Nearly half of all post-Panamax ships saw delays of 12 hours or more at North and South American ports in July, according to a new study released by CargoSmart.
The logistics software firm announced the findings in its monthly newsletter. The report, which showed mega-ships are experiencing longer wait times than smaller vessels at six major ports in the Americas, is a follow-up to a May study of European ports that found similar conditions.
CargoSmart analyzed the arrivals of 587 vessels by 25 different carriers at the U.S. ports of Los Angeles, Long Beach and Oakland, along with the South American ports of Buenos Aires, Argentina; Montevideo, Uruguay; and Santos, Brazil. Of the vessels, 32.9 percent were delayed more than 12 hours, and 16 percent were delayed over 24 hours.
But mega-ships experienced even greater delays. CargoSmart said 47 percent of ships with a capacity of 10,000 20-foot containers or more were delayed for 12 hours or more. Delays topping 24 hours were experienced by 21.2 percent of mega-ships.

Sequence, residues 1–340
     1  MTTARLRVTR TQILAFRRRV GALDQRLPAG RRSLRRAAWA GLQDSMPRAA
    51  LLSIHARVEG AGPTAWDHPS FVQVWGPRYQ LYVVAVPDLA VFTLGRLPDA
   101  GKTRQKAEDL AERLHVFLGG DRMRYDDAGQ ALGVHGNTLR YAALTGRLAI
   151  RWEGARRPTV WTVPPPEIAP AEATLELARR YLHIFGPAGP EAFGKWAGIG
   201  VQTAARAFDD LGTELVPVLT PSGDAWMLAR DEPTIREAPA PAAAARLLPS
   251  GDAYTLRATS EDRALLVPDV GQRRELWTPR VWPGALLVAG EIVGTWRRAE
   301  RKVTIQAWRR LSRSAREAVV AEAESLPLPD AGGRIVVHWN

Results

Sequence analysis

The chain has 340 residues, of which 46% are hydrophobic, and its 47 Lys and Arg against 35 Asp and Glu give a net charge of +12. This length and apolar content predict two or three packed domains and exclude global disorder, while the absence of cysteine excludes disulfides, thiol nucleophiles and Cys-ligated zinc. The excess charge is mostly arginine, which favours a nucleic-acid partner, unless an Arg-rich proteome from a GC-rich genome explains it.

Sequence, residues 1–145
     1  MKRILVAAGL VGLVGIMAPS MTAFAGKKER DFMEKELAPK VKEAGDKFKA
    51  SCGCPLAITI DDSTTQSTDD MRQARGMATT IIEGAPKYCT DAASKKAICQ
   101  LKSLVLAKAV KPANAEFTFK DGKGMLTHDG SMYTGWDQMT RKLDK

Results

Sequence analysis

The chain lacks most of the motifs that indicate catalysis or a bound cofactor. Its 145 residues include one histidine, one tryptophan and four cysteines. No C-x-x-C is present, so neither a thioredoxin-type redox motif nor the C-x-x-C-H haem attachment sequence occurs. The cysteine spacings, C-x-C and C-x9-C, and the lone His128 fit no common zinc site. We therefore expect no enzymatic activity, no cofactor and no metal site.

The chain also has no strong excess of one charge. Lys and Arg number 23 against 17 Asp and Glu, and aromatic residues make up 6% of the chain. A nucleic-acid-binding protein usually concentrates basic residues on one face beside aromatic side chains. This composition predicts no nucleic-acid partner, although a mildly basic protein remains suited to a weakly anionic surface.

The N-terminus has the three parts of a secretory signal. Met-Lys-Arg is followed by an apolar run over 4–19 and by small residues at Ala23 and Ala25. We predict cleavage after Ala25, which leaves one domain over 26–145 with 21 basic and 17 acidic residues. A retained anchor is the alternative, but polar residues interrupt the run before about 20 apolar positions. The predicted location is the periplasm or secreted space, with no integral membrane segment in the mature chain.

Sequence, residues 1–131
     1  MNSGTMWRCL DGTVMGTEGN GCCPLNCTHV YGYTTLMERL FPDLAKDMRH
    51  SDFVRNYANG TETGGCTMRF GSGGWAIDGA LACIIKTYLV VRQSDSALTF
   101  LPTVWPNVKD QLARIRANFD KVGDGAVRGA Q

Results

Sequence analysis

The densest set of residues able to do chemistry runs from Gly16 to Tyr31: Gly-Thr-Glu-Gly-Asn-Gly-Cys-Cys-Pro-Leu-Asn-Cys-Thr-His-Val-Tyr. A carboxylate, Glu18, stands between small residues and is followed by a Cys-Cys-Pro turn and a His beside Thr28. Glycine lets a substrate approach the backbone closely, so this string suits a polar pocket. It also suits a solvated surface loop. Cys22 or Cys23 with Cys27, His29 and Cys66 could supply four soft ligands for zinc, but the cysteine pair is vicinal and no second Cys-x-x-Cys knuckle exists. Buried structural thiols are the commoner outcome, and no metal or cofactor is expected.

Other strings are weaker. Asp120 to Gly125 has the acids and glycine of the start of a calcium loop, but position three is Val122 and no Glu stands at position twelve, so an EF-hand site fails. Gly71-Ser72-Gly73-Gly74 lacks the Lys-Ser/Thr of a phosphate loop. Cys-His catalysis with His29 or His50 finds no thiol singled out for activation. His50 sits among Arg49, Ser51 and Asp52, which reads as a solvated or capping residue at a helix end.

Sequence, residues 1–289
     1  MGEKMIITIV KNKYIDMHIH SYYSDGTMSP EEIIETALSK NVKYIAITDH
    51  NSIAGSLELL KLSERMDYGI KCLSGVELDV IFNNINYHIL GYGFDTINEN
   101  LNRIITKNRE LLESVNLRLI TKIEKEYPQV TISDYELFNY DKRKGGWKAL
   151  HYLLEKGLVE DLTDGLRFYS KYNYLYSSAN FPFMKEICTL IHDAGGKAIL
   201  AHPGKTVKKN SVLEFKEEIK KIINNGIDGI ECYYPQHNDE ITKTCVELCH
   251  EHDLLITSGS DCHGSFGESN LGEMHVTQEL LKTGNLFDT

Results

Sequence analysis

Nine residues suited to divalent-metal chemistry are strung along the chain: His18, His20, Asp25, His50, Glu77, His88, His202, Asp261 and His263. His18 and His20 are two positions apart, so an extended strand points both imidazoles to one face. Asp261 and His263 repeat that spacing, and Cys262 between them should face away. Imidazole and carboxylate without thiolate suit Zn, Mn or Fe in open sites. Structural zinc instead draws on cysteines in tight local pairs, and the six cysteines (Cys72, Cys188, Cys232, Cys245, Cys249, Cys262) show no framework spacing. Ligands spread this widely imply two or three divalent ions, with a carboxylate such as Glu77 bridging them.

Mega-ships are becoming more commonplace on all shipping lanes. Ships are growing faster than terminals can update their handling capabilities, so ships of 10,000 TEUs or more are seeing delays all over the world.
CargoSmart’s study of mega-ships’ calls at European ports showed24 percent of the larger vessels arrived at the ports of Antwerp, Bremerhaven, Hamburg and Rotterdam over a day late.
The current study found that the ports in the Americas had average delays of less than one day, but the ports in North America performed better than those in South America. Among these ports, Los Angeles was the best-performing port in terms of average delays.
Los Angeles, the largest cargo port in the U.S., ranked third on JOC.com’s list of the most productive ports in the Americas in 2013, reporting 87 berth moves per hour last year. Long Beach came in second place, reporting 88 moves per hour.
Post-Panamax vessels calling Oakland experienced average delays over 40 percent longer than the overall average. Large vessels had the most delays in Santos, where 45.5 percent were delayed more than one day.
The larger vessels that called in North America mainly served between Asia and the west coast of North America. The large vessels that visited South America served between North European and South American ports.